Look out of for the results of the survey later today on PEI.

BlackRock’s retail journey
There’s been an inequity over many years when it comes to individual investors’ access to alternatives – that’s one of the takeaways from Edwin Conway, global head of alternatives at BlackRock, at a press roundtable on Tuesday. The issue is “one of the biggest crises in the world… the inability to prepare for retirement”, he added.

“If alternatives, as we believe, is the essential ingredient for the institution, why isn’t it an essential ingredient for the retail client? It should be. Part of the problem of private markets is the illiquidity. It is the access. And what we have to do is transmit the knowledge around what liquidity you can give up to earn the premium that comes from that illiquidity, and it can’t be obviously 100 percent.”

To Conway, the answer lies in data, technology, and easy-to-understand language, so that retail clients can better learn the role that PE, infrastructure, private credit and real state can play to help for retirement. BlackRock expects to launch two PE European long-term investments funds (ELTIF) in 2023, according to a Tuesday statement. It held a final close on €415 million this week for its debut infrastructure-focused ELTIF, while its inaugural BlackRock Private Equity Opportunities ELTIF gathered more than €500 million on final close in April last year. The co-investment vehicle required a minimum investment of €125,000. “There is much more to come,” said Conway.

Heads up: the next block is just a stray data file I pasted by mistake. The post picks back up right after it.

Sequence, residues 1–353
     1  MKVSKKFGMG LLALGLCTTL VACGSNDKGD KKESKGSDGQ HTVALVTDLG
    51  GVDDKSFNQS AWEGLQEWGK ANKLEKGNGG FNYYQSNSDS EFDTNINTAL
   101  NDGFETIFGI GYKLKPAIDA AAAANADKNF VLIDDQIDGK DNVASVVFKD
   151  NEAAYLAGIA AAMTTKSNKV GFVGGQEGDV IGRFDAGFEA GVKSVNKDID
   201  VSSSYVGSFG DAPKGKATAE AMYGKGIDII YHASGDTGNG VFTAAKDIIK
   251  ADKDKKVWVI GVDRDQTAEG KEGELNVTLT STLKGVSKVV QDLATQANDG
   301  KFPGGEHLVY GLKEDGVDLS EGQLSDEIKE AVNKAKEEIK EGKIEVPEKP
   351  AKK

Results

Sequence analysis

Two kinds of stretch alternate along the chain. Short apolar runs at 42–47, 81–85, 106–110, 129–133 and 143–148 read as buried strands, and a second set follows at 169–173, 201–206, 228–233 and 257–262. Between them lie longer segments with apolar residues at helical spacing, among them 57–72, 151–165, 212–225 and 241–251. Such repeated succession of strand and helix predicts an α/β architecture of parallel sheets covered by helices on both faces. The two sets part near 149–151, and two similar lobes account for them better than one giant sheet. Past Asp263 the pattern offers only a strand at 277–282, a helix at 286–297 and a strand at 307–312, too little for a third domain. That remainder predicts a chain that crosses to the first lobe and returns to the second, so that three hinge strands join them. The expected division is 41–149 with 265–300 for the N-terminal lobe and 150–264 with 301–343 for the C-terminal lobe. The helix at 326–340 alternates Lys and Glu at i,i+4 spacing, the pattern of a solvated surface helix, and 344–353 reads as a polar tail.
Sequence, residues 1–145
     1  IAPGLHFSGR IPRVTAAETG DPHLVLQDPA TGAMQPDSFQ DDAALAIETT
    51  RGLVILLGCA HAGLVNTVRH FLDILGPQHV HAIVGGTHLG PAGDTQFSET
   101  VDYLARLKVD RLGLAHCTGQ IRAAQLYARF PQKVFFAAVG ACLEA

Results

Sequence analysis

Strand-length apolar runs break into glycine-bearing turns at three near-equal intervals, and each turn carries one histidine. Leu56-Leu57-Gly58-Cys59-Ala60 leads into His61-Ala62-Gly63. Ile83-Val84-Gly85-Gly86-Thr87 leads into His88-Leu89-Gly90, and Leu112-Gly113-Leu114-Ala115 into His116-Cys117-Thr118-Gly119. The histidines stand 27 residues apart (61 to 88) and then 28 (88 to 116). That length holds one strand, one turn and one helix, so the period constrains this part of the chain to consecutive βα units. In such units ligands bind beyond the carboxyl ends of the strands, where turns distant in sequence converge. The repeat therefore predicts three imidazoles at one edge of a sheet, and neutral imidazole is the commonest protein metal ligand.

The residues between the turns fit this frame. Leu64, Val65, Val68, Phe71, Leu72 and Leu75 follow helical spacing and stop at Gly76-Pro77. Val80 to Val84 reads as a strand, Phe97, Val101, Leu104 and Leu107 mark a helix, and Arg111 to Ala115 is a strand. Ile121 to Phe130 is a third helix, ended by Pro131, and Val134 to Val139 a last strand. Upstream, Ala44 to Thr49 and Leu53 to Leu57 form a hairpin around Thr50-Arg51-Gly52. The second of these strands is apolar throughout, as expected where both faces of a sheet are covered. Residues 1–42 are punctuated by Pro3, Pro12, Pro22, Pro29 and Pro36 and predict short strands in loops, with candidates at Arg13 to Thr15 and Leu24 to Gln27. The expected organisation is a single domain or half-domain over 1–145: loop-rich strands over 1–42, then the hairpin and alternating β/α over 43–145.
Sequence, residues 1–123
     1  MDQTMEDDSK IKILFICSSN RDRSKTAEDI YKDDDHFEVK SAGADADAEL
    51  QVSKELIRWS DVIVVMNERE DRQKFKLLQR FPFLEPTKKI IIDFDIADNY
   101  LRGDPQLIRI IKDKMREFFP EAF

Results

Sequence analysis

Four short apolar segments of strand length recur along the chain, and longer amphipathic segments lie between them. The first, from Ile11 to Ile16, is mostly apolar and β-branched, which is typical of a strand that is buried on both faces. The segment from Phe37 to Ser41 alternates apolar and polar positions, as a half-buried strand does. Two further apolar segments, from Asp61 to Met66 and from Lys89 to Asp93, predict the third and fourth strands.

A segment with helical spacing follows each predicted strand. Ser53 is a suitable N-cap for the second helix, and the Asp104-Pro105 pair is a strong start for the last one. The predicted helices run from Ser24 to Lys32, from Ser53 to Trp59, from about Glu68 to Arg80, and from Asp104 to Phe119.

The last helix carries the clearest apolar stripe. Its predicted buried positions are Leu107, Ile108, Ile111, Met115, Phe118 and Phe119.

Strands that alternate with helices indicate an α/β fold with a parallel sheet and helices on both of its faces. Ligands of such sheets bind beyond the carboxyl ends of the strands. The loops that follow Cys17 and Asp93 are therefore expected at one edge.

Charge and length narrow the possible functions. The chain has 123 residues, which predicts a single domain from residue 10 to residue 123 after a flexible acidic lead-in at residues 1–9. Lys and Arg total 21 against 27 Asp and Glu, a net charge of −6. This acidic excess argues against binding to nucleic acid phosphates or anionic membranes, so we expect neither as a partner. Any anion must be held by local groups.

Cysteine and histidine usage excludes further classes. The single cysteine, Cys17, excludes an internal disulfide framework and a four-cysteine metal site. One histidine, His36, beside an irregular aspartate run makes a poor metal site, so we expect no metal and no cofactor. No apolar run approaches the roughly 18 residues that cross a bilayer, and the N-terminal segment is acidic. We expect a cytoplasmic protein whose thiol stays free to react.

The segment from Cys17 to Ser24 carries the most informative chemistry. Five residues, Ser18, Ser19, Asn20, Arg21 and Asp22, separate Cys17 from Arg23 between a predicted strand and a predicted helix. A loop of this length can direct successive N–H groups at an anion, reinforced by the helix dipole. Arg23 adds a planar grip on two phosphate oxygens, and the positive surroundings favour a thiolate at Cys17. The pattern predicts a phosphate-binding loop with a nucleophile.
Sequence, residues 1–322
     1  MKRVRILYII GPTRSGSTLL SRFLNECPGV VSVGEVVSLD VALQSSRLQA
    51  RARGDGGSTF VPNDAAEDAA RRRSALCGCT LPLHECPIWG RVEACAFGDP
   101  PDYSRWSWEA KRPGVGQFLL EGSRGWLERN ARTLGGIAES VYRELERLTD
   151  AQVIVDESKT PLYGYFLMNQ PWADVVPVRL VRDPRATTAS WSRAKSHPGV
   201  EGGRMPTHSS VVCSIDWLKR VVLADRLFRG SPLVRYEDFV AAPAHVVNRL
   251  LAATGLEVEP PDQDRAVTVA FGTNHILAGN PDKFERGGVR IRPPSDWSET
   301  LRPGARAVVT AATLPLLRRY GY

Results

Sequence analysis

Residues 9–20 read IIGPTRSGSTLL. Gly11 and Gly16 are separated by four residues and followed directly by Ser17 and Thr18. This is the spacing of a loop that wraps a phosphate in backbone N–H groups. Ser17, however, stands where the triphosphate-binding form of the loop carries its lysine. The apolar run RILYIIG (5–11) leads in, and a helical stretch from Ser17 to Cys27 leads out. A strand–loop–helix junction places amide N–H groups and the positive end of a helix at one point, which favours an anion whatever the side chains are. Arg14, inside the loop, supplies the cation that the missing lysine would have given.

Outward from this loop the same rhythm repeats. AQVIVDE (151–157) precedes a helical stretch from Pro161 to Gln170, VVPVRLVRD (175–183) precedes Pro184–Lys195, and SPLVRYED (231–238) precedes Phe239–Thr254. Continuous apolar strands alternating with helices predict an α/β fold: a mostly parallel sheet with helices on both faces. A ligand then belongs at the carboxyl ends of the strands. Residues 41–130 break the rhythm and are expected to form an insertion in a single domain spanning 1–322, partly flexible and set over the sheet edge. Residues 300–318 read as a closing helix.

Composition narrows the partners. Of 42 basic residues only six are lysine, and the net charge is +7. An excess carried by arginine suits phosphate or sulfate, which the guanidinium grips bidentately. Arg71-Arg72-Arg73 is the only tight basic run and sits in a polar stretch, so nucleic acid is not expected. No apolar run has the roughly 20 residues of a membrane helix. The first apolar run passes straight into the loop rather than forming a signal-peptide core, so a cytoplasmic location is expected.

A change of scenery
New York City is undergoing a considerable shift in the make-up of its PE workforce. That’s according to a recent report published by executive search firm Eastward Partners, as reported by our colleagues at Private Funds CFO (registration required).

Tax break incentives, desiring a change of lifestyle, and the pandemic-driven capacity to work from home, have all encouraged a growing number of PE professionals to move away from New York City, with many choosing to settle in Miami and Dallas-Fort Worth. According to Eastward Partners’ report, mid-market firms in Miami have gained 38 percent of their new talent from New York in the past 12 months, while Dallas-Fort Worth gained 14 percent.

Still, market participants shouldn’t lose sleep over the possibility the streets of Midtown will soon be found empty: New York has seen an influx of talent from other regions, with 11 percent of new hires coming from Boston and 9 percent from both San Francisco and Philadelphia. Further, the city remains the US’s largest hub for PE professionals, with 23 percent of the industry’s total workforce operating there. Still, the findings serve as a reminder of the pandemic’s ongoing impact on traditional working environments.